Locked Down

Locked Down ⭐️

Director: Doug Liman. Cast Anne HathawayChiwetel EjioforLucy Boynton, Ben Stiller, Ben Kingsley, Dulé Hill, Stephen Merchant

It had to happen: this is not the first and it certainly won’t be the last film which will use the  Covid-lockdown (well… one of them) as the background and set up for some sort of story. We’ve had “Host” last year, Songbird (The Michael Bay’s film which nobody saw back in December 2019) and now this one. 

All the trademarks for a pandemic-based film are there. Things which by now we all know too well and are actually so close to home that not even a year later are already beginning to feel tired tropes: the zoom calls, the masks, the delivery man at the door bringing food, the empty streets, the lines outside shops, the annoying guy buying lots of toilet paper (“How many asses have you got?” He’s asked in the film), the constant news in the background telling us about how bad the situation is… but mostly people going pretty crazy as they are stuck at home for weeks and weeks on end, slowly losing any hope that we are ever going back to some sort of normality. Feels familiar? We’ve all lived it through (in fact we are still living it). And we’ve all seen way too many memes on the internet about most of this stuff. There’s hardly anything new or fresh to say or to see. This might have been slightly original months ago, when we were still at the beginning of all this Covid-never-ending nightmare (which is probably when this film was first conceived), but almost a year later since Covid first appeared, this has been all we’ve talked about and to make a film around it feels like re-treading all news and to be honest, I live it all this 24/7. When I watch movie at least I’d love to see something else, unless of course the film had something new and incredible to say… which this one, certainly does not. 

Anne Hathaway, Chiwetel Ejiofor play Linda and Paxton, a couple who were just about to separate before the lockdown and are now stuck together. 

The film meanders about for the first hour or so going through the motions and all the things I’ve already mentioned above, showing us little sketches of “life” during lockdown as the couple is really breaking down. It mostly it feels like a play (obviously, since it all takes place inside a house) and there is nothing wrong with that per se, except the feeling of being staged and slightly fake goes beyond the settings itself, but spreads though the dialogue which feel clunky and slightly forced.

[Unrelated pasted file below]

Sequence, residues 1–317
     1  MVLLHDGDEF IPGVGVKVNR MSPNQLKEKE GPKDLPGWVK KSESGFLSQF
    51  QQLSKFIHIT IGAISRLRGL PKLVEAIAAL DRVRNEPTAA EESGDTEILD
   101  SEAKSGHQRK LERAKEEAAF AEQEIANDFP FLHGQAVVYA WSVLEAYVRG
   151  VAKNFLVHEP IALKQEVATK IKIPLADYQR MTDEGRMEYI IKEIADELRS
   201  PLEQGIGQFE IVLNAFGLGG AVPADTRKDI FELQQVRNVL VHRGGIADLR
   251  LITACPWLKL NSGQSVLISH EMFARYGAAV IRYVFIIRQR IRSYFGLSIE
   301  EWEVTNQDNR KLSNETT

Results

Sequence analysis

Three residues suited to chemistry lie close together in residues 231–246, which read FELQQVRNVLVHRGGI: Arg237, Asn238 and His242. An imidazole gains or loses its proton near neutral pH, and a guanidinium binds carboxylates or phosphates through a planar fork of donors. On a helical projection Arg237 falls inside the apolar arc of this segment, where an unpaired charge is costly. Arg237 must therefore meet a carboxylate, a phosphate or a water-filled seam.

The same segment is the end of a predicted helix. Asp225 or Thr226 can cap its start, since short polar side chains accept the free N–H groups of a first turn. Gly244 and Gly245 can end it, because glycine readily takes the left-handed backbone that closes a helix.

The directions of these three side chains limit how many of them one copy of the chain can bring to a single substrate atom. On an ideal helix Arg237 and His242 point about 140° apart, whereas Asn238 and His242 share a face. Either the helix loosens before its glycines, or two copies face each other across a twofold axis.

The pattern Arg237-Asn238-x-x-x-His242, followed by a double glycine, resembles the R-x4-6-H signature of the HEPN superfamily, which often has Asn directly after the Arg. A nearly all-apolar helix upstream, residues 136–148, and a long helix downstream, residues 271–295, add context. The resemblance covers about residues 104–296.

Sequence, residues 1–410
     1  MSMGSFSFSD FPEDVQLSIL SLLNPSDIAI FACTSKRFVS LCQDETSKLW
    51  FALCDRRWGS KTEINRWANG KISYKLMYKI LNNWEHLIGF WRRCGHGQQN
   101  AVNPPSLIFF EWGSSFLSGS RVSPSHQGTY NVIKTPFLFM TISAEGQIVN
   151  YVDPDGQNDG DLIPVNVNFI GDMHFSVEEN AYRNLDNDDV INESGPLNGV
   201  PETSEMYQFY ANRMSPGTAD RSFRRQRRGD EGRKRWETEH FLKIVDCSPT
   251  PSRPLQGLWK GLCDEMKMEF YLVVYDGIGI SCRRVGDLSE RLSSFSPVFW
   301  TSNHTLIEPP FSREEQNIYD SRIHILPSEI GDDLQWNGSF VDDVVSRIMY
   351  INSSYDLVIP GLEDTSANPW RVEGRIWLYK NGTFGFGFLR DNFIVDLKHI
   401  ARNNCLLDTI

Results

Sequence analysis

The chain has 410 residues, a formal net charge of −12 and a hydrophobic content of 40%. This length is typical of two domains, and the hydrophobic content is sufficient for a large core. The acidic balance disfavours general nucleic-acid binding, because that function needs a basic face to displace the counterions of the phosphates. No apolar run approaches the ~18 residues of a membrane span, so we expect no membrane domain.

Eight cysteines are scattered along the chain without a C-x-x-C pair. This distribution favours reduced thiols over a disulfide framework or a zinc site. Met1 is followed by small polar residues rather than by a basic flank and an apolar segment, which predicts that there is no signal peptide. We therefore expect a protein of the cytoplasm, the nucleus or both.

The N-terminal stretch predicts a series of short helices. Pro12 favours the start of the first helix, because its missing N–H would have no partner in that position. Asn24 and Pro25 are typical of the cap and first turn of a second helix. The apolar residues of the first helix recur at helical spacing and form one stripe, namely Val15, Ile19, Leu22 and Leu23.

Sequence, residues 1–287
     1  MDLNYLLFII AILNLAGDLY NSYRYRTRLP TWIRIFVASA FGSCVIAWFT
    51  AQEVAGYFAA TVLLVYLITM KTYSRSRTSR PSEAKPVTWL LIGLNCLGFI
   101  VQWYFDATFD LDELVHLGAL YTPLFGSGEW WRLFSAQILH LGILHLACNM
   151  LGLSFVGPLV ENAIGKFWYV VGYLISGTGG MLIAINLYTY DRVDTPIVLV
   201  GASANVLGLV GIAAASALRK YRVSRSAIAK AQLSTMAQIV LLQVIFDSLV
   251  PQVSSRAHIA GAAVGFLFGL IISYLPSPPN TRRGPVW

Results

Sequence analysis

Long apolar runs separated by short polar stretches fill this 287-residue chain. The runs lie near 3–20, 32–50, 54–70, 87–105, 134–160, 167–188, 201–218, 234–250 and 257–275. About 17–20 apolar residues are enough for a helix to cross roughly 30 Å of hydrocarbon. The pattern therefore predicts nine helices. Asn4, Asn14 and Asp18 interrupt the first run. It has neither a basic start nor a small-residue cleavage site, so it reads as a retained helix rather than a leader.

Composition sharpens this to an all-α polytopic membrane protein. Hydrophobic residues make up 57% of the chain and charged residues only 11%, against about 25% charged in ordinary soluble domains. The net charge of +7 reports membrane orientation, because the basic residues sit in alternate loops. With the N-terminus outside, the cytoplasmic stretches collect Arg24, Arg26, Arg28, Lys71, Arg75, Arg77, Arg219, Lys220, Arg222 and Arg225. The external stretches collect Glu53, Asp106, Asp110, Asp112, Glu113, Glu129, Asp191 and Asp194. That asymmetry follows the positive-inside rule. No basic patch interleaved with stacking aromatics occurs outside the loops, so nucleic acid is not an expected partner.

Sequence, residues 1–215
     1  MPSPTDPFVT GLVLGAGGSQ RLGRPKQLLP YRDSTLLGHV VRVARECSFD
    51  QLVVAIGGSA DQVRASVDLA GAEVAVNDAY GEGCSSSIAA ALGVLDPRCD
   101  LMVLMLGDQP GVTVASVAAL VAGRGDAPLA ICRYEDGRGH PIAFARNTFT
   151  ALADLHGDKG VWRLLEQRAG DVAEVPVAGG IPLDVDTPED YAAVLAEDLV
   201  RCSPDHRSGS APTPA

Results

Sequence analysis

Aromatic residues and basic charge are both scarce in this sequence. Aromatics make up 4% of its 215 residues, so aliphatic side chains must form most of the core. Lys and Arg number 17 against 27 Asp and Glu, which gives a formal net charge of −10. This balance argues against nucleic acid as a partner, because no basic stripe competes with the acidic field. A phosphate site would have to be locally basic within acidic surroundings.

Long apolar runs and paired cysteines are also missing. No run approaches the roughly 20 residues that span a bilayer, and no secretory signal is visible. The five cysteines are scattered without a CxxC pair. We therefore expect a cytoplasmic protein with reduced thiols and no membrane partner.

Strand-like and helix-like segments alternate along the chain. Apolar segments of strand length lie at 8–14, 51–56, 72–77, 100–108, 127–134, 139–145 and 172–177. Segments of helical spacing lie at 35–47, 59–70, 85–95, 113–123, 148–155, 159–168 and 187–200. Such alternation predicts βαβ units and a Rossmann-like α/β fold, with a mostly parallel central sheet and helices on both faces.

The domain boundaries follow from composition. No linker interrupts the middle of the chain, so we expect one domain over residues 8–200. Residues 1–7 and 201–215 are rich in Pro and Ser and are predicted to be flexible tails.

Not even potentially good actors like  Hathaway and Ejiofor can make those clunky lines feel quite quite real… I couldn’t shake the feeling that they were both “acting” all the way through, both on different registers, looking slightly uncomfortable, not quite knowing whether they’re in a comedy, a parody or a drama (A feeling that certainly the audience will be sharing too). Also crucially, I never once believed they the two had been together for 10 years.  

Then all of a sudden at around 40 minutes from the end, unbelievably the film takes a HUGE left turn and becomes a “heist movie”… some sort of “Ocean’s Eleven”… or actually “Ocean’s 12”, since this is probably just as bad and silly as that sequel. It really feels like a different film, not just because we leave the confinements of the house, but also there’s a complete tonal shift as it becomes almost a bad parody of a heist film. 

Yes, it is still watchable, if anything for the many cameos from various people like Ben Kingsley, Stephen Merchant, Ben Stiller, Dulé Hill (yes, from Charlie from the West Wing!), all of them too not quite sure what kind of film this is. It does also pick up pace after the interminable first (mostly pointless) hour and there is also a certain pleasure in seeing how they somehow managed to film the sequences in Harrods during the London lockdown in those last 30 minutes of the film. But make no mistakes: if this is a comedy, it’s not funny and if it’s a heist movie, then what its that first hour all about?! It is an extremely badly paced, shoddily written and crucially a very boring and utterly silly film.

It comes out on the 13th of January in the US and in March in the UK. Give it a try if you dare and then come back and tell me.

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